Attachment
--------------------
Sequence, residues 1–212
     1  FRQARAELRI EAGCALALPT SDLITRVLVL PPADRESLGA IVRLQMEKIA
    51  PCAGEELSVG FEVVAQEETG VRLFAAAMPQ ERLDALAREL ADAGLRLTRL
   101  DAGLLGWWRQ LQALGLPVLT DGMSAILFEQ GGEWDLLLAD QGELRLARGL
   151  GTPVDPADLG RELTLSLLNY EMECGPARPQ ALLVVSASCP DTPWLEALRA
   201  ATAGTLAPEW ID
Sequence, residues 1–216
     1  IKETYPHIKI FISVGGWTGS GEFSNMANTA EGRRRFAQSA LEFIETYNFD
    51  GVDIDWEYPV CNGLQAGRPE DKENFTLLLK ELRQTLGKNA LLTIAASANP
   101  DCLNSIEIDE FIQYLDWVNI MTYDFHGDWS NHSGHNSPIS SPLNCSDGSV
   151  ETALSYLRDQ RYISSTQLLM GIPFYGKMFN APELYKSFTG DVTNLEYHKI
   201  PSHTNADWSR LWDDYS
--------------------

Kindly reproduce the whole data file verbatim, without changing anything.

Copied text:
Sequence, residues 1–212
     1  FRQARAELRI EAGCALALPT SDLITRVLVL PPADRESLGA IVRLQMEKIA
    51  PCAGEELSVG FEVVAQEETG VRLFAAAMPQ ERLDALAREL ADAGLRLTRL
   101  DAGLLGWWRQ LQALGLPVLT DGMSAILFEQ GGEWDLLLAD QGELRLARGL
   151  GTPVDPADLG RELTLSLLNY EMECGPARPQ ALLVVSASCP DTPWLEALRA
   201  ATAGTLAPEW ID
Sequence, residues 1–216
     1  IKETYPHIKI FISVGGWTGS GEFSNMANTA EGRRRFAQSA LEFIETYNFD
    51  GVDIDWEYPV CNGLQAGRPE DKENFTLLLK ELRQTLGKNA LLTIAASANP
   101  DCLNSIEIDE FIQYLDWVNI MTYDFHGDWS NHSGHNSPIS SPLNCSDGSV
   151  ETALSYLRDQ RYISSTQLLM GIPFYGKMFN APELYKSFTG DVTNLEYHKI
   201  PSHTNADWSR LWDDYS